Electronics Explorer - Intro to the Arbitrary Waveform Generator and Spectrum Analyzer
- Using the AWG and Spectrum Analyzer to detect fundamental frequencies in a waveform.
This project is designed to familiarize the user with the Spectrum Analyzer in the WaveForms software. The Arbitrary WaveForm Generator (AWG) will be used to apply different signals to be measured by the Spectrum Analyzer to view the additional frequencies associated with each waveform.
- Electronics Explorer board
- Jumper wires
- WaveForms software (download) - WaveForms 3.5.4 is used in this tutorial
- Connect the EE Board to your PC with the USB cable.
- Connect the board's external power supply and flip the Ready switch to the ON position.
- Build the circuit by connecting the DC channel on Scope 1 to AWG channel 1.
- The figure below shows the completed circuit.
- Launch the WaveForms Software. The Device Manager will pop up. Click your EExplorer on the list and click Select. The WaveForms main window will now appear.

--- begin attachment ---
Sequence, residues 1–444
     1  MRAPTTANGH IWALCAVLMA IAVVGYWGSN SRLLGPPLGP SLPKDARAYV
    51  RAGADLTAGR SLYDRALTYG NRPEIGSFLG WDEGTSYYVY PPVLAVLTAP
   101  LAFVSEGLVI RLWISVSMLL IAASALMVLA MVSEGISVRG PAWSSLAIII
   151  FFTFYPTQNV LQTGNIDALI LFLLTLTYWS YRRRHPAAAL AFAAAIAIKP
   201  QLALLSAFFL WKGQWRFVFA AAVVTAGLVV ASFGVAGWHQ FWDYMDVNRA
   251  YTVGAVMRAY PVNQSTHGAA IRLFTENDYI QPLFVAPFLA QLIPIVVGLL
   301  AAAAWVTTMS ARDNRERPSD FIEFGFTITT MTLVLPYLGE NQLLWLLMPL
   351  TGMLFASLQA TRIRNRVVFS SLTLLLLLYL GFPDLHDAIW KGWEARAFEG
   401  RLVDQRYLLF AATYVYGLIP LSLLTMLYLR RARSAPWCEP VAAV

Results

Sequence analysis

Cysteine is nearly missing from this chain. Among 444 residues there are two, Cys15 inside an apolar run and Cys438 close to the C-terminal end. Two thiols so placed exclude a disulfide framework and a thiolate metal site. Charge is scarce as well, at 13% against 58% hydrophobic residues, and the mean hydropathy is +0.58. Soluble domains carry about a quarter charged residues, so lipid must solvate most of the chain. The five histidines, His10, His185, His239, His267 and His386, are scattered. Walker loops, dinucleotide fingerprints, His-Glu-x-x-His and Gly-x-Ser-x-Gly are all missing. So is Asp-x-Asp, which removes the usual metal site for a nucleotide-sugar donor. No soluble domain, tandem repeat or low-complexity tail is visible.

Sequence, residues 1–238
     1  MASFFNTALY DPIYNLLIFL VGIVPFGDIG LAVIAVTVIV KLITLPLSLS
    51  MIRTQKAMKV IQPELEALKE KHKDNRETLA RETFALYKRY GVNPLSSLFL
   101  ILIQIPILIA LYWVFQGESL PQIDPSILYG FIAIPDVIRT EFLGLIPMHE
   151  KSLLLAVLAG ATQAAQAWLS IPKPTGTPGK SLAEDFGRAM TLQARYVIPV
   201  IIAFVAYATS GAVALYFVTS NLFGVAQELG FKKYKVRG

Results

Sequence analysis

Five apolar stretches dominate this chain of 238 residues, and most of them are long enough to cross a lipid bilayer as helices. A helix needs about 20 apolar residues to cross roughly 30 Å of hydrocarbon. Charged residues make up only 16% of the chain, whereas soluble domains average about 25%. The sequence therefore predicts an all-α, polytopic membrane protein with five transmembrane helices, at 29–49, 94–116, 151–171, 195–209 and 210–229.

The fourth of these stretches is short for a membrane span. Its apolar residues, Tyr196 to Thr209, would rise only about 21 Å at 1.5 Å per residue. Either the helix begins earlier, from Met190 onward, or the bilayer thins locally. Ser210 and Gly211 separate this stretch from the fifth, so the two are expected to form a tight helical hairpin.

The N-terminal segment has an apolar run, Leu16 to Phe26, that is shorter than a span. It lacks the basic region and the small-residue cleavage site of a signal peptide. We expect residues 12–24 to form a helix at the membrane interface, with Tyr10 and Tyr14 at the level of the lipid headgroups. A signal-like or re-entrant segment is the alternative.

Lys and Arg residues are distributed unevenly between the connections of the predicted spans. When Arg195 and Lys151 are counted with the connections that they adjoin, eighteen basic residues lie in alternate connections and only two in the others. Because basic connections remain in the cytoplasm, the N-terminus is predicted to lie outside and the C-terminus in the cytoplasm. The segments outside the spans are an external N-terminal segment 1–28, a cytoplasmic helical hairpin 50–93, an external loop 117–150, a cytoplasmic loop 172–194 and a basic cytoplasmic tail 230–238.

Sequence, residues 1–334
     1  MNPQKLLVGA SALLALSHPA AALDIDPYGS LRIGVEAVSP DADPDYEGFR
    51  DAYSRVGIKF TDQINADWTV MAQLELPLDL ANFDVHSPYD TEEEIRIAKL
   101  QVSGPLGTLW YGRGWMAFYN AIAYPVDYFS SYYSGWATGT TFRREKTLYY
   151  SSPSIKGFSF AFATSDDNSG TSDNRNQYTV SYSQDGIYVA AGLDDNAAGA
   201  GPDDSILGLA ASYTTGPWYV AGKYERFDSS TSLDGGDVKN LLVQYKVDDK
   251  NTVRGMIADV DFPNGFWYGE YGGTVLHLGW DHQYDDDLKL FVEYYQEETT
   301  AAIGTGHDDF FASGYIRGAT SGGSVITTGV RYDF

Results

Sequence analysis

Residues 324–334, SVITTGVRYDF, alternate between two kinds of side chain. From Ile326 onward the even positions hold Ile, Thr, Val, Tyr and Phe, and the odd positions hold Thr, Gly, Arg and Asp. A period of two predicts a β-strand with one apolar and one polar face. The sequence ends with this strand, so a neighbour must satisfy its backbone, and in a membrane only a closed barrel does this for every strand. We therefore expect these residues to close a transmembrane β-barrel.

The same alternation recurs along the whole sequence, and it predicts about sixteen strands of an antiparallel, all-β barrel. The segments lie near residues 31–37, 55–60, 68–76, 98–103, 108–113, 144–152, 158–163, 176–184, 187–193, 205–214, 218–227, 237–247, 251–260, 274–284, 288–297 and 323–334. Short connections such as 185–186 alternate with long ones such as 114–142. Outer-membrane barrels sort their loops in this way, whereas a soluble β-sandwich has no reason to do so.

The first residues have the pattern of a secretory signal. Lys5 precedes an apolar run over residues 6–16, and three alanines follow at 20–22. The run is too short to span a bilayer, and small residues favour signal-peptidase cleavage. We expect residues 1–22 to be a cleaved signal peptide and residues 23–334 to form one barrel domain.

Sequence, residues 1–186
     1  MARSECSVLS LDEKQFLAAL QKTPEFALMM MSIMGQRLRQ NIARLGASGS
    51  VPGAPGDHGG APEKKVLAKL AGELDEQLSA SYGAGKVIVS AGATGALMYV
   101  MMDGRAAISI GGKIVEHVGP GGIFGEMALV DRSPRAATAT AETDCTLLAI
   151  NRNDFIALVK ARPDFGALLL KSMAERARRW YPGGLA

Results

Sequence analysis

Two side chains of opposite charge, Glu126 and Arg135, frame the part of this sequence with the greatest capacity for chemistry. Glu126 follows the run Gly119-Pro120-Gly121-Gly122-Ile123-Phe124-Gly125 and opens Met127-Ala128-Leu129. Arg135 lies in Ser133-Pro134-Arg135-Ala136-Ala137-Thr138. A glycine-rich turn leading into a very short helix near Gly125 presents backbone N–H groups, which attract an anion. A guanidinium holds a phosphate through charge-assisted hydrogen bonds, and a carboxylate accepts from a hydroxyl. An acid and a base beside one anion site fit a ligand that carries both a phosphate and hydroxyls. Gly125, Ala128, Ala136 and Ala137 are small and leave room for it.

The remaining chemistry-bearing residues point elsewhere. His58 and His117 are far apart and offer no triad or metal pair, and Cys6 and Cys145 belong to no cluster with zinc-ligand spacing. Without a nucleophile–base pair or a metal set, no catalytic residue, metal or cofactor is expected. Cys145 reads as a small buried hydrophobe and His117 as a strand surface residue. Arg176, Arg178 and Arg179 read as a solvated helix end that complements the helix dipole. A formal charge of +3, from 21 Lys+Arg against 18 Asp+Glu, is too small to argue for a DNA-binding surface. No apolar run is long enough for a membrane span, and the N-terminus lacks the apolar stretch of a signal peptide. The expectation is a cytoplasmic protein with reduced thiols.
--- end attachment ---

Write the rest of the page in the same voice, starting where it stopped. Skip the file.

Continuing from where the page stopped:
- Click on the waveform generator icon to open the Arbitrary Waveform Generator.
- Set the Type to Sine
- Set the Frequency to 1 kHz
- Set the Amplitude to 1 V
- Check out the image below for reference
- Click on the spectrum analyzer icon
- Disable Traces 2, 3, and 4, click on the Green down arrow, above the plot window to open up an expanded options list.
- Center the 1 kHz sine wave by setting the center option to 1 kHz and a span of 1 kHz as well. Other start and stop frequencies can be choosen instead of using the span option.
- This is only one frequency associated with the 1 kHz sine wave. Set a span of 1 MHz centered around 500 kHz to see the other frequencies associated with the sine wave. You can change to a better view such as Peak Hold Continuous by clicking the Type dropdown in the Trace 1 window.
- Different types of waveforms have different spectral characteristics; try out some other waveforms such as a square wave, triangle wave, ramp up, and the random waveforms.
- Note that the random wave is not quite so random as electronics have a hard time generating a truly random signal.